NGOs reported effective victim referral and police cooperation with anti-trafficking units assigned to each region. Law enforcement units mandated to address migration or trafficking issues had a formal system to identify trafficking victims among at-risk persons, such as undocumented migrants or persons in prostitution; nonetheless, officials’ efforts to identify foreign victims and victims of labor trafficking remained limited. The government encouraged victims—including foreigners—to participate in investigations and prosecutions by providing witness protection during court proceedings, access to pre-trial shelter services, and basic provisions such as food, clothing, and medical and legal assistance. Such assistance ceased for foreign victims if the government did not initiate a criminal case. If a criminal case was not initiated, authorities did not recognize or give protective status to foreign victims. In 2018, the government provided one foreign victim legal protection (compared to two foreign victims in 2017 and 15 in 2016), including suspension of deportation proceedings, and special temporary residency throughout the criminal investigation. NGOs reported foreign victims sometimes experienced problems in accessing local medical care due to a lack of health insurance or residence permits. The government did not offer legal alternatives to foreign victims’ removal to countries where they would face retribution or hardship and, according to local law, victims were deported after expiration of their temporary residency rights. In 2018, there were no reports of authorities criminally punishing victims for crimes as a direct result of trafficking; however, authorities routinely detained and deported possible foreign victims with no proactive efforts made to screen for trafficking victimization, offer referral to care providers, or ensure they were not penalized for crimes traffickers compelled them to commit.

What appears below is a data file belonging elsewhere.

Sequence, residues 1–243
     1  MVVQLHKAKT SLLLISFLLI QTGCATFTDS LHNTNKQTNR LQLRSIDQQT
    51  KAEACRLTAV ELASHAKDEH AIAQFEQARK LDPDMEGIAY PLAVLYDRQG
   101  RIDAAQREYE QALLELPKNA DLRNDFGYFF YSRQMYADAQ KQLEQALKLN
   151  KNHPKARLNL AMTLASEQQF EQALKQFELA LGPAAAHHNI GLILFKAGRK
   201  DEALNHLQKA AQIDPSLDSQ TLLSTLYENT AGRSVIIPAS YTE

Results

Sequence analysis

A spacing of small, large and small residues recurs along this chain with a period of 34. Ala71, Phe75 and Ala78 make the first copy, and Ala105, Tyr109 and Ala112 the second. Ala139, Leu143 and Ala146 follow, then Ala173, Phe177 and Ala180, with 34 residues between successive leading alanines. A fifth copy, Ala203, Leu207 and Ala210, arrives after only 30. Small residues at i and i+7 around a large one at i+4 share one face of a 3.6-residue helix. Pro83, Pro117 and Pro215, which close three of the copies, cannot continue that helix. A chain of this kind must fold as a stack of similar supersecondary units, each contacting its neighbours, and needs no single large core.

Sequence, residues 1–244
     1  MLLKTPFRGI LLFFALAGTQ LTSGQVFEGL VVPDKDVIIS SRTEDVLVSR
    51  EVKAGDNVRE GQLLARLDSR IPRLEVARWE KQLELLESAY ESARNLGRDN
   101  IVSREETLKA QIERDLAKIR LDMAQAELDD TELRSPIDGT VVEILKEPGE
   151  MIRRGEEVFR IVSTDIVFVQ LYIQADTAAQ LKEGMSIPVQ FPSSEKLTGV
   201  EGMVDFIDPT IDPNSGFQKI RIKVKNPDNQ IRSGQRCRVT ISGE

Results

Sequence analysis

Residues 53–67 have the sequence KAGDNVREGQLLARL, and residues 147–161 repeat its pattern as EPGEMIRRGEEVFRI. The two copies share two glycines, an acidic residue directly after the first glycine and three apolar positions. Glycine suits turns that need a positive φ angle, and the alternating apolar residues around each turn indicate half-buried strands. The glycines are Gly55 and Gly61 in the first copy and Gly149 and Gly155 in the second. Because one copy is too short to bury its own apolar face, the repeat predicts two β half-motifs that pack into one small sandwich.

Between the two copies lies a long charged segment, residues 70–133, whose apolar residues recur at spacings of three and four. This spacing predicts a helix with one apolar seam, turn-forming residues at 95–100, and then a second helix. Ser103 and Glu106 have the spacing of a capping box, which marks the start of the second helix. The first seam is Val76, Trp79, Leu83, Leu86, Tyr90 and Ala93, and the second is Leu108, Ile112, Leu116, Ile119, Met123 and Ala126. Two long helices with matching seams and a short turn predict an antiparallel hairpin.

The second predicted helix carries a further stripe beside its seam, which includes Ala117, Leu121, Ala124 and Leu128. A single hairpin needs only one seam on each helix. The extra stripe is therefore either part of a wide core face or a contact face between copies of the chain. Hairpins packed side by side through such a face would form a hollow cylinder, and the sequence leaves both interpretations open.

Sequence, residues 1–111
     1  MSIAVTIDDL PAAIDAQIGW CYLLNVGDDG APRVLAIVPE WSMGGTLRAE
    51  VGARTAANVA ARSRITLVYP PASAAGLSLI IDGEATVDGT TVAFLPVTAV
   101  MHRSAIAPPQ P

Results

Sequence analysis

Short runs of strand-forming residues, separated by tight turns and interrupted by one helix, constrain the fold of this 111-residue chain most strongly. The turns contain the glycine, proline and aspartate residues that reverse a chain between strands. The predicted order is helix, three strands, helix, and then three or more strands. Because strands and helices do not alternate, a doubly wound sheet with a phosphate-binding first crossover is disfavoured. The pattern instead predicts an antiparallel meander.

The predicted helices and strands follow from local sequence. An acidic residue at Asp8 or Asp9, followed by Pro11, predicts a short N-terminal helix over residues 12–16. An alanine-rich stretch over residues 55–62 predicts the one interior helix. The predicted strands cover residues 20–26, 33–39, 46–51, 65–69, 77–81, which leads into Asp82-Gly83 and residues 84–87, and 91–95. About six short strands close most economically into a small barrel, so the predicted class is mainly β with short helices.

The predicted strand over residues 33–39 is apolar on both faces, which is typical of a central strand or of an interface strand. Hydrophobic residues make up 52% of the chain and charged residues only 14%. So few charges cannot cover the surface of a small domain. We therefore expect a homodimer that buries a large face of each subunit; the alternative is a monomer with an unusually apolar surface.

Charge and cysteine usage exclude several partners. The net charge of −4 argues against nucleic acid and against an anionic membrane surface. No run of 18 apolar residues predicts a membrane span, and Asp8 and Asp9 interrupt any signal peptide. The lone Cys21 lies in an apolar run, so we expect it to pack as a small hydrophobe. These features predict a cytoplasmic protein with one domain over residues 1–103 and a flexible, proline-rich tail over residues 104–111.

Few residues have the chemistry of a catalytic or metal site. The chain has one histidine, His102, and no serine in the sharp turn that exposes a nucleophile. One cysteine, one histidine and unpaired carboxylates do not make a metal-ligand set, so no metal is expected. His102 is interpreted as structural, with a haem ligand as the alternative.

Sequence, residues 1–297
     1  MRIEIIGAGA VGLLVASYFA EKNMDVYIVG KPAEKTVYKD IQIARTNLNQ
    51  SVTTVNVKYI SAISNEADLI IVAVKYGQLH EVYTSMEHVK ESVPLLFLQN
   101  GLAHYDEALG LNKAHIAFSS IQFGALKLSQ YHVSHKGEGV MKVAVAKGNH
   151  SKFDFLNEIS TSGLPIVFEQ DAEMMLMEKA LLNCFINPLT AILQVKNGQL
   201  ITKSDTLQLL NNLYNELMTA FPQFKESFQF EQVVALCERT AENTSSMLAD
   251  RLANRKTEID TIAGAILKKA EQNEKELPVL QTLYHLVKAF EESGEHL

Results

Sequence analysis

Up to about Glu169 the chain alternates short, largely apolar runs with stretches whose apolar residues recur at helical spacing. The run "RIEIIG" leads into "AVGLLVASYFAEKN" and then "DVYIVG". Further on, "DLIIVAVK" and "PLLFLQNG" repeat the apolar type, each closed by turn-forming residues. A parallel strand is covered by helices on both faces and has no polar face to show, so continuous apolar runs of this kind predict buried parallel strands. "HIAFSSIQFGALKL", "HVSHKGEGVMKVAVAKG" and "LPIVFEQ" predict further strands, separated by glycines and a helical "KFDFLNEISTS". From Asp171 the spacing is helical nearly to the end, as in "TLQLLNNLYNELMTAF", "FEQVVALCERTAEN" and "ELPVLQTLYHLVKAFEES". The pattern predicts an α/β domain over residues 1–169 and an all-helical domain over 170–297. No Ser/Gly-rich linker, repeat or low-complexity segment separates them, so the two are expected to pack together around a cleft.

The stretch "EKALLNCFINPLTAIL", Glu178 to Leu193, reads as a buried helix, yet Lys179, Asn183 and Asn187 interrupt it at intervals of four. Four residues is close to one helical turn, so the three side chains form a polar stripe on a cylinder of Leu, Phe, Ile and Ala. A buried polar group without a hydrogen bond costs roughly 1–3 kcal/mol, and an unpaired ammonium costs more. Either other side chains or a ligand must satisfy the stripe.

The government repatriated Kazakhstani women and minors, including potential trafficking victims, whose parents or spouses were alleged fighters with ISIS. ISIS was known to use child soldiers and perpetrate other forms of trafficking. The children were generally housed with family members, and the state fully funded and supported their rehabilitation and reintegration.